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Title: Causes of legume-rotation effects in increasing cereal yields across the Sudanian, Sahelian and Guinean zone of West Africa
Authors: Bürkert, AndreasBagayoko, M.Alvey, S.Bationo, A.
???metadata.dc.subject.swd???: WestafrikaGetreideFruchtfolgeHülsenfrüchtlerErtragssteigerung
???metadata.dc.subject.ddc???: 630 - Landwirtschaft, Veterinärmedizin (Agriculture)
Issue Date: 2001
Publisher: Horst, Walter J. (u.a.) (Hrsg.)
Citation: In: Horst, Walter J. (Hrsg.): Plant nutrition : food security and sustainability of agro-ecosystems through basic and applied research. Dordrecht : Kluwer, 2001. S. 972-973
Series/Report no.: Developments in plant and soil sciences92
Abstract: On-farm experiments and pot trials were conducted on eight West African soils to explore the mechanisms governing the often reported legume rotation-induced cereal growth increases in this region. Crops comprised pearl millet (Pennisetum glaucum L.), sorghum (Sorghum bicolor Moench), maize (Zea mays L.), cowpea (Vigna unguiculata Walp.) and groundnut (Arachis hypogaea L.). In groundnut trials the observed 26 to 85% increases in total dry matter (TDM) of rotation cereals (RC) compared with continuous cereals (CC) in the 4th year appeared to be triggered by site- and crop-specific early season differences in nematode infestation (up to 6-fold lower in RC than in CC), enhanced Nmin and a 7% increase in mycorrhizal (AM) infection. In cowpea trials yield effects on millet and differences in nematode numbers, Nmin and AM were much smaller. Rhizosphere studies indicated effects on pH and acid phosphatase activity as secondary causes for the observed growth differences between RC and CC. In the study region legume-rotation effects on cereals seemed to depend on the capability of the legume to suppress nematodes and to enhance early N and P availability for the subsequent cereal.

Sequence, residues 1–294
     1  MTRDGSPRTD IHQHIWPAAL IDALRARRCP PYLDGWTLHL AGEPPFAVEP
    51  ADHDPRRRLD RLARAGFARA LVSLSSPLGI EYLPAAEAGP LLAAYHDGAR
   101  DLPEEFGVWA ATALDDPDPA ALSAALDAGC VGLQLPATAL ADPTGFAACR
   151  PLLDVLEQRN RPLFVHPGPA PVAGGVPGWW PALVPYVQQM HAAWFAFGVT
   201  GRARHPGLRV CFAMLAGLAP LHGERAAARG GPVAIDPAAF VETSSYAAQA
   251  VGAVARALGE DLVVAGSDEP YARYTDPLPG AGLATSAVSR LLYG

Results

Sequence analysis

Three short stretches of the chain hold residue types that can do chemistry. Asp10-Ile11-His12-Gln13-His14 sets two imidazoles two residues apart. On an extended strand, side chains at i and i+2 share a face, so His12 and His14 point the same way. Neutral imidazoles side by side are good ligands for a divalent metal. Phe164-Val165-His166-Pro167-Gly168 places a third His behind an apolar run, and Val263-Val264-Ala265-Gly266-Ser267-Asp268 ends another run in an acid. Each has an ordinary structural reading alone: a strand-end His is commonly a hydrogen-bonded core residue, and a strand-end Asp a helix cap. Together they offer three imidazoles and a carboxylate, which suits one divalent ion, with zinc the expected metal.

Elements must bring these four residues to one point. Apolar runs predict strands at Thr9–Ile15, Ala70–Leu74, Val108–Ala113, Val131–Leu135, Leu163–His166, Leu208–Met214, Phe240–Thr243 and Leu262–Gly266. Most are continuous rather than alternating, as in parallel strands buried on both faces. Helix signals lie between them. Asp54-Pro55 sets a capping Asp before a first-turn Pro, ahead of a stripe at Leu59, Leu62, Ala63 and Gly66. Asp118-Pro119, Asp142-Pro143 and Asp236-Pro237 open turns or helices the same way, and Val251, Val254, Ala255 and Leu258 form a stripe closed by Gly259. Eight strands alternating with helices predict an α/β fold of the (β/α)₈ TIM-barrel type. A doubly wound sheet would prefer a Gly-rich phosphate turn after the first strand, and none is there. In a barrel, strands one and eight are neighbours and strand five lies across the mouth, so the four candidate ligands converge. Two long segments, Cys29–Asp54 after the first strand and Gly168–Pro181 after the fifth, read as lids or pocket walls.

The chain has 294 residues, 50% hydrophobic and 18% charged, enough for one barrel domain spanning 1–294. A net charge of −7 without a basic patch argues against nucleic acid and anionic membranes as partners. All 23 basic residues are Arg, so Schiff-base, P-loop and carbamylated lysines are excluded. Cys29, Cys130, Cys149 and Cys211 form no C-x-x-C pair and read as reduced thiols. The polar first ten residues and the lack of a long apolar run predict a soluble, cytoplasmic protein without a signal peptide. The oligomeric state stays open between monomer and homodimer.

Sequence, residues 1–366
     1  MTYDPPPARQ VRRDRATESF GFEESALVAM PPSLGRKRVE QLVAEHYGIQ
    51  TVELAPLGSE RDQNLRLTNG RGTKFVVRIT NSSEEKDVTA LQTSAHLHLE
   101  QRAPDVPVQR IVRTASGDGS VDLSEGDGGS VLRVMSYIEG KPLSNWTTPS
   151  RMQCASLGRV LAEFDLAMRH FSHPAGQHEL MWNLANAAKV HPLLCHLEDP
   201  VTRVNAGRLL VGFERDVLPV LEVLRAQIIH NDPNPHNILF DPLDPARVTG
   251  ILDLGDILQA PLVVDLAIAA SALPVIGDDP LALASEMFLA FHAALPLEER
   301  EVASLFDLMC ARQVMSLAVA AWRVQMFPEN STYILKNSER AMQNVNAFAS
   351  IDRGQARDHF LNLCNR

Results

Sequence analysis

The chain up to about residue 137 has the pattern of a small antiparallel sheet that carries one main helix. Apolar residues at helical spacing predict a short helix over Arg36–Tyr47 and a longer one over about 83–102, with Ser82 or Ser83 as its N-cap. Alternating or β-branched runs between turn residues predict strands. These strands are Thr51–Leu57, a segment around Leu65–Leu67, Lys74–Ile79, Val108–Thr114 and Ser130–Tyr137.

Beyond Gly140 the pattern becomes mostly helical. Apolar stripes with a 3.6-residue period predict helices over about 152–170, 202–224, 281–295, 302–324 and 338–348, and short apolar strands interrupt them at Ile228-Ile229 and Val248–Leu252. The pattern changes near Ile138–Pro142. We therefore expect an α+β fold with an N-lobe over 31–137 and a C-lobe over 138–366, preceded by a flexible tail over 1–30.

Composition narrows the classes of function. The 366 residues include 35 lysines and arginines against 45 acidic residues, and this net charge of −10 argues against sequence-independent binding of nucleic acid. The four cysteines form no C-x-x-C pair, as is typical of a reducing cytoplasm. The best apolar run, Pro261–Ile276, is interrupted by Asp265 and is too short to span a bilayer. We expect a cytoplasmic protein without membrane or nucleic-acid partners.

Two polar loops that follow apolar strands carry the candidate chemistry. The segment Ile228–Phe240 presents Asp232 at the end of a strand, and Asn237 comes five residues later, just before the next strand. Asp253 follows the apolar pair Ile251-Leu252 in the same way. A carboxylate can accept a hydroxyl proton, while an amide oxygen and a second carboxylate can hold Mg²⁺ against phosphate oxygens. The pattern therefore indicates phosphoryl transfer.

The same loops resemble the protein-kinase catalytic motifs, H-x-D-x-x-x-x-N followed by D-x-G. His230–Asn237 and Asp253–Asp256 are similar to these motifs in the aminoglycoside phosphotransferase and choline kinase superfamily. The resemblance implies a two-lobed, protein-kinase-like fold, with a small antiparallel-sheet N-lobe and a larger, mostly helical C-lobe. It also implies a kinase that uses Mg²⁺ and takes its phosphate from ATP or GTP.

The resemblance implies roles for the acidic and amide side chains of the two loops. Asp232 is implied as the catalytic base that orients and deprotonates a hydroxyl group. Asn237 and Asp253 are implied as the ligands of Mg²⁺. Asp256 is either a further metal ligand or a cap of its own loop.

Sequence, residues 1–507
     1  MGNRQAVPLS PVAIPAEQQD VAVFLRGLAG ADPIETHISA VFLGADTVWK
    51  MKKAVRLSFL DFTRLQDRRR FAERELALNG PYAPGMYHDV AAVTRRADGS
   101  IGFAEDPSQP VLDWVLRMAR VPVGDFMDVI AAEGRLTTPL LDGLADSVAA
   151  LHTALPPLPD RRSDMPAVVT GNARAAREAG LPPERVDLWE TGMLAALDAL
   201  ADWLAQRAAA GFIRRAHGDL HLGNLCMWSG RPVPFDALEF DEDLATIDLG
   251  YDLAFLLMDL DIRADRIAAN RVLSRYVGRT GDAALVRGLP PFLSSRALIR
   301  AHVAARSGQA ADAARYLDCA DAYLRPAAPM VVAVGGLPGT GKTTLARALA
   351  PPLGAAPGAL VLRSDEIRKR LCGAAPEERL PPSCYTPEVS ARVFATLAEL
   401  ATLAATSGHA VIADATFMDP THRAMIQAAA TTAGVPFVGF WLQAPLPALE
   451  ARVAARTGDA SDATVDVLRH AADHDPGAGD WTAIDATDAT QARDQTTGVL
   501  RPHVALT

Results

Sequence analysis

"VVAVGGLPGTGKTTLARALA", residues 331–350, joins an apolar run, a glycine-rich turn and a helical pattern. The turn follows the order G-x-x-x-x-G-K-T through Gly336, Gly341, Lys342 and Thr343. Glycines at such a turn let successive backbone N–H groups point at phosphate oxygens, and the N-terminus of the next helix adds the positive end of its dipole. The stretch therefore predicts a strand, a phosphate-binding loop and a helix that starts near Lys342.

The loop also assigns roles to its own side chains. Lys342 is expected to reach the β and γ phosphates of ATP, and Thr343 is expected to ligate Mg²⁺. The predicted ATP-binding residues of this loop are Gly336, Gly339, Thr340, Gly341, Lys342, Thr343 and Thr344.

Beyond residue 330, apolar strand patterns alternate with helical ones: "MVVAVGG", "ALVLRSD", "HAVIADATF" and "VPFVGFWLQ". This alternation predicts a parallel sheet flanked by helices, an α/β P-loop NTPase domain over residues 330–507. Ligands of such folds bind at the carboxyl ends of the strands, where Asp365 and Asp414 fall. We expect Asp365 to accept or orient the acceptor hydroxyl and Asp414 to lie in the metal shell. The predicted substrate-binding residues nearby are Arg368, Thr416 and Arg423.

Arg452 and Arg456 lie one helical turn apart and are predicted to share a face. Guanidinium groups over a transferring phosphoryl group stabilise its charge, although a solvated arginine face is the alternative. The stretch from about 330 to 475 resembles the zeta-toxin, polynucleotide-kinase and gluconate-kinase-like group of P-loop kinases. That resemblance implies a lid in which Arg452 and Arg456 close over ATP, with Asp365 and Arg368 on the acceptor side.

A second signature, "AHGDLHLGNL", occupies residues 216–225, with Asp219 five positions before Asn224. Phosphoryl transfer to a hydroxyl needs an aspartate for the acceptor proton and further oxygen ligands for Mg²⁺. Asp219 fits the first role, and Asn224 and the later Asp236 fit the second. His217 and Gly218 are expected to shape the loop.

URI: urn:nbn:de:hebis:34-2007041017627
ISBN: 0-7923-7105-4
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